The misleading appearance of singularity given in the use of “abstract terms” is exemplified also in the use of the word “the”. This is commonly used merely to mean, *all* (corresponding closely to the use of “the only”); thus, the logical form of “The honest man is humble” is “all honest men are humble”. It is important in this connection to note that the attachment of “the” to a term indicates that that term is the logical subject, even if it is not the grammatical subject; the logical form of “Wrestlers are the healthy members of the community” is “all healthy members of the community are wrestlers”, and the person who asserts it is not even stating that all wrestlers are healthy members; etc., though he might wish to assert this as a further fact. Similarly, assertions of the type “X are *the only* Y” are to be rendered as YaX and *not* as XaY; if we say “Students of the classics are the only educated persons”, we are saying that all educated persons are students of the classics, and we could quite consistently believe that some students of the classics are not educated persons. A special case of the use of “the” is that in which it is attached to both terms of a statement. If we say “The virtuous are the happy”, our statement should be rendered logically by *two* propositions, “all virtuous are happy” and “all happy are virtuous.” These are two quite distinct issues, though they have been conveyed in the first place by a single sentence, and once more the application of logic to assertions takes the form of stating separate issues separately.

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#### Class-relations.

We saw that, of the four propositions with X as subject and Y as predicate, there must be two true and two false, the true propositions being (a) the two affirmatives *or* (b) the two particulars *or* (c) the two negatives. The same may be said of the four propositions with Y as subject and X as predicate. Thus of the eight propositions with X and Y as terms four are true and four are false; and the four time propositions may be (i) the four affirmatives, (ii) the two affirmatives with X as subject and the two particulars with Y as subject, (iii) the two particulars with X as subject and the two affirmatives with Y as subject, (iv) the four particulars, (v) the four negatives.

Using circles to represent the classes X and Y (“the class X” or “the extension of X” being the various *things which are X* or subjects of which X may be truly predicated) we have the following five distinct possibilities:-

(i)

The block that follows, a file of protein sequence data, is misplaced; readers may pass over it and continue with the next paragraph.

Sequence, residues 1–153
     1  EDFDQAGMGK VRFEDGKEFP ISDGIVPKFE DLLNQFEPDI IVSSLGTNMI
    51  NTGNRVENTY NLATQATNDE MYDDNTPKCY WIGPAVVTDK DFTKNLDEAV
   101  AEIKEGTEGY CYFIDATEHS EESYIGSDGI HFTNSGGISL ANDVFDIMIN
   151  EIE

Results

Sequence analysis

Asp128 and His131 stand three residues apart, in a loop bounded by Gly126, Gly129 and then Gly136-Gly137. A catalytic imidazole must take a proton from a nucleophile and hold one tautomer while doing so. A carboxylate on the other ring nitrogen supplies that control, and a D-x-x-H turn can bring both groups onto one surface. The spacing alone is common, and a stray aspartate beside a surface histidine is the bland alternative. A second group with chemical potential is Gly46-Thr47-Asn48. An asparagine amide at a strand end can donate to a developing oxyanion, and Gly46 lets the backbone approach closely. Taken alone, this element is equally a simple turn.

*Coextension*. The four affirmative propositions are true, but, in view of subalternation, the position can be adequately stated by means of two propositions XaY and YaX.

(ii)

*Inclusion of X in Y*. XaY, XiY, YiX, YoX are true, but XaY implies XiY, and XiY and YiX are always true together or false together. Hence the position can be adequately stated by means of the two propositions XaY and YoX

(iii)

*Inclusion of Y in X*. The position (corresponding to ii) can be adequately stated by XoY and YaX.

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(iv)

*Intersection*. The four particular propositions are true, but, as before, XiY and YiX are always true together. Hence the position can be adequately stated by the two O propositions and one I: i.e., either by XiY, XoY, YoX or by XoY, YiX, YoX.

(v)

*Exclusion*. The four negative propositions are true, but, in view of subalternation and of the fact that XeY and YeX are always true together, the position can be adequately stated by one E proposition: either by XeY or by YeX.

Any given pair of terms will have *one and only one* of these possible relations, and the relation in any given case may be described as a class-relation (the relation between the class X and the class Y) or as an extensive relation (the relation between the extension of X and the extension of Y). Thus the class-relation of the terms “mortals” and “men” is that “mortals” *includes* “men”, the various things that are mortals embracing the various things that are men and other things besides. Such classes do not in general occupy a continuous spatial area, and thus the diagrams may be misleading unless they are taken as merely a convenient reminder of the different possibilities.